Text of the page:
Why shouldn’t you get close to great apes?
AHumans and great apes are so genetically similar that these animals are at risk of catching diseases from us – to which they have no immunity. A study published in 2018 identified 33 known instances in which people had transmitted pathogens to chimpanzees, orangutans and gorillas, in captive, semi-wild and wild populations.
Diseases that can be passed onto great apes include respiratory conditions such as influenza, pneumonia and tuberculosis, and bacterial infections such as salmonella.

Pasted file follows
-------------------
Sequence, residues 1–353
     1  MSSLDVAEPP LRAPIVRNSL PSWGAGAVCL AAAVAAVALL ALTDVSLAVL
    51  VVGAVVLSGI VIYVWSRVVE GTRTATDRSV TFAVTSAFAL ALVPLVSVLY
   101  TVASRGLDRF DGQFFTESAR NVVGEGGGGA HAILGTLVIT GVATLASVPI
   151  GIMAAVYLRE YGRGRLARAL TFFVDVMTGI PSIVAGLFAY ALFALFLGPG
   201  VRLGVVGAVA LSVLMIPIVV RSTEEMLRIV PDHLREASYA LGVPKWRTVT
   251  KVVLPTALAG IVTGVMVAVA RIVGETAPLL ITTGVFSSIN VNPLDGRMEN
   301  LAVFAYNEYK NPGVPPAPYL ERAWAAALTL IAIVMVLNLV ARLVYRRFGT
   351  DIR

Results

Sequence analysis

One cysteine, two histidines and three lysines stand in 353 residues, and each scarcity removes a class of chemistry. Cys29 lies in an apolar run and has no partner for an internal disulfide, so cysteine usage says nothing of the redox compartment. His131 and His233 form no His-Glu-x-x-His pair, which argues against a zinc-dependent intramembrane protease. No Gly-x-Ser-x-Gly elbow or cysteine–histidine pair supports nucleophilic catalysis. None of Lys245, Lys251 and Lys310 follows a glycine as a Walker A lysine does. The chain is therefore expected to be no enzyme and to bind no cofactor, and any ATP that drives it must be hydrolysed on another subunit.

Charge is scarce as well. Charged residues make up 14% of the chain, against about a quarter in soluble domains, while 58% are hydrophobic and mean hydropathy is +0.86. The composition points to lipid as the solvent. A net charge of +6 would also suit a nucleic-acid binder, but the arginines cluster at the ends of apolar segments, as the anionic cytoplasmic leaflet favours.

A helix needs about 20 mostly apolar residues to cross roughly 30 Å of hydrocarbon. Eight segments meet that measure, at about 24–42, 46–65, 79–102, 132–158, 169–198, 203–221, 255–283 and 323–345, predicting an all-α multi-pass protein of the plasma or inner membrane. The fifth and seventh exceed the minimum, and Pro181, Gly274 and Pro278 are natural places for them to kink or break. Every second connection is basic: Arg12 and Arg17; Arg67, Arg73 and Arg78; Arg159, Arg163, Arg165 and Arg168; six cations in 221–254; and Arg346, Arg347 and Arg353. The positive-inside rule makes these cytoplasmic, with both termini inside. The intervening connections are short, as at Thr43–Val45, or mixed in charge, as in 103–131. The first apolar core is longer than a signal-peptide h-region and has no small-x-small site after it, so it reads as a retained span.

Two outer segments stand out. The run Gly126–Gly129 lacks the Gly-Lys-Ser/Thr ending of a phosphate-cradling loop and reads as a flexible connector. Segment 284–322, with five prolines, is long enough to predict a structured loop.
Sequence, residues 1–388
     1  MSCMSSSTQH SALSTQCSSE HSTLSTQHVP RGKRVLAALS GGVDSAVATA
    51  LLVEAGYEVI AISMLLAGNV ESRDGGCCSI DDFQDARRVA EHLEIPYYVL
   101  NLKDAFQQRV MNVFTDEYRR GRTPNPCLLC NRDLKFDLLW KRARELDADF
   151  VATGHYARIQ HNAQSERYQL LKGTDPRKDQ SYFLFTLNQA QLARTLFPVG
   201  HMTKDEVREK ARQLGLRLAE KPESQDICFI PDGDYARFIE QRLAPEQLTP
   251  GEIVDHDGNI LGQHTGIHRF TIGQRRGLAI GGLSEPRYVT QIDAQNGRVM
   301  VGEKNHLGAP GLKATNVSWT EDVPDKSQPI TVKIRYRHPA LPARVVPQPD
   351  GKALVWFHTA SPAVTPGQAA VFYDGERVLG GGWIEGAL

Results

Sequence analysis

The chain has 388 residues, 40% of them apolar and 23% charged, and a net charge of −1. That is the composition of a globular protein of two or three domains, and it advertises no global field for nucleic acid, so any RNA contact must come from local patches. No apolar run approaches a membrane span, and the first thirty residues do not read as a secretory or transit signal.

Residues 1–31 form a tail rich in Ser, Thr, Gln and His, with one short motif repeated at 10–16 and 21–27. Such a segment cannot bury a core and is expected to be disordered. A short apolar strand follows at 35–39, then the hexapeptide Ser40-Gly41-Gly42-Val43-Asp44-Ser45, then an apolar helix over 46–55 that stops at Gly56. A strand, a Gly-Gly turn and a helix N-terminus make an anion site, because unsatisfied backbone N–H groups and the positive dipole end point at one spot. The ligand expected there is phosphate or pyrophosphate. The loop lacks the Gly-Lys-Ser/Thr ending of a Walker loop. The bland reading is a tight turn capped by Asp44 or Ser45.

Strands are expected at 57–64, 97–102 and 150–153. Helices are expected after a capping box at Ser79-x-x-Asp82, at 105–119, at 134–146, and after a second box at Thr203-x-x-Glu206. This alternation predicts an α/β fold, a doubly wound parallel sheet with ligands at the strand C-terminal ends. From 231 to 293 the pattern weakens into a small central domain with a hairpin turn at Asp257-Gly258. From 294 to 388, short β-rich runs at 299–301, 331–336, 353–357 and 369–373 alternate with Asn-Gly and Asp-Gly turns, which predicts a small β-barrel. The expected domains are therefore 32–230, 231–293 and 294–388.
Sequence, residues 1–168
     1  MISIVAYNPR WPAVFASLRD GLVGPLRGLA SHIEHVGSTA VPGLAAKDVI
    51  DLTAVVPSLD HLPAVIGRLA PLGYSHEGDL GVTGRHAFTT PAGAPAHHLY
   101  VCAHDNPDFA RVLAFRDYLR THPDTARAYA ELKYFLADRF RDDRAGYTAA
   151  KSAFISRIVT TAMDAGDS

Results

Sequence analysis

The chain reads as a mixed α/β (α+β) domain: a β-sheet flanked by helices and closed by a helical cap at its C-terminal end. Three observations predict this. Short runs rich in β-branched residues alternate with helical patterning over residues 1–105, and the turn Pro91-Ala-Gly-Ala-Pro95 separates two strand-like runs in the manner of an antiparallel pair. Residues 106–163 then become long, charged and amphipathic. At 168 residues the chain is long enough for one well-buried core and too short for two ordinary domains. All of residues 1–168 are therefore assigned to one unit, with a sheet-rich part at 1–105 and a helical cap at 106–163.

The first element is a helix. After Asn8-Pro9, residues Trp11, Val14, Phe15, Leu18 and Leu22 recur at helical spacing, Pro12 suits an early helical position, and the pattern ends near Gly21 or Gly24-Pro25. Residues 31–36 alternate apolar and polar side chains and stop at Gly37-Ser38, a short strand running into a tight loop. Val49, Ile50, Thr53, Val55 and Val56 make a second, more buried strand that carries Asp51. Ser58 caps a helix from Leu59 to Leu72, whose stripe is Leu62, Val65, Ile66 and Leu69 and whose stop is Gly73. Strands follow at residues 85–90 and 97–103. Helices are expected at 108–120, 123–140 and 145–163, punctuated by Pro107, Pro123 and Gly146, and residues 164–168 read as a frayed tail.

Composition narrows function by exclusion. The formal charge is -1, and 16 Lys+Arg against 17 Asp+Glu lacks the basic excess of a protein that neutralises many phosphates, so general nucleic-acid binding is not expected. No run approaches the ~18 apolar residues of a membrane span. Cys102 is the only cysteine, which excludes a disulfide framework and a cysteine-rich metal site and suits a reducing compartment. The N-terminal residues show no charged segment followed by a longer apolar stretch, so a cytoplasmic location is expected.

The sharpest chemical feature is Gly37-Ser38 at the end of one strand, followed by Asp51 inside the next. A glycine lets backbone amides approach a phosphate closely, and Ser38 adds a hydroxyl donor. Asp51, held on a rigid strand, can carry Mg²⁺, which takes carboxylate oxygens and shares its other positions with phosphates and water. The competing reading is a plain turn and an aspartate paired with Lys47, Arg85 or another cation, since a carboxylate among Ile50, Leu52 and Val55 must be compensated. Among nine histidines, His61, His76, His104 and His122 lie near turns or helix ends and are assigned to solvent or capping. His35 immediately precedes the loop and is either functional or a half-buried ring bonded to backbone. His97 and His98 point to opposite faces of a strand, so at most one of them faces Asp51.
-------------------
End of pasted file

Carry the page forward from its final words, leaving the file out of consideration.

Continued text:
But even a seemingly unthreatening virus can have a devastating impact. In 2009, for example, 11 out of 12 mountain gorillas in Rwanda became sick after contracting the human metapneumovirus (which, for us, manifests as a common cold); of these, an adult female and an infant male died.
This is why mountain gorilla tourism rules specify that you should not approach closer than 7m if you’re wearing a mask; 10m if you’re not, and why time with any group is limited to just one hour.
Getting too close to gorillas probably poses more danger to them than it does to you.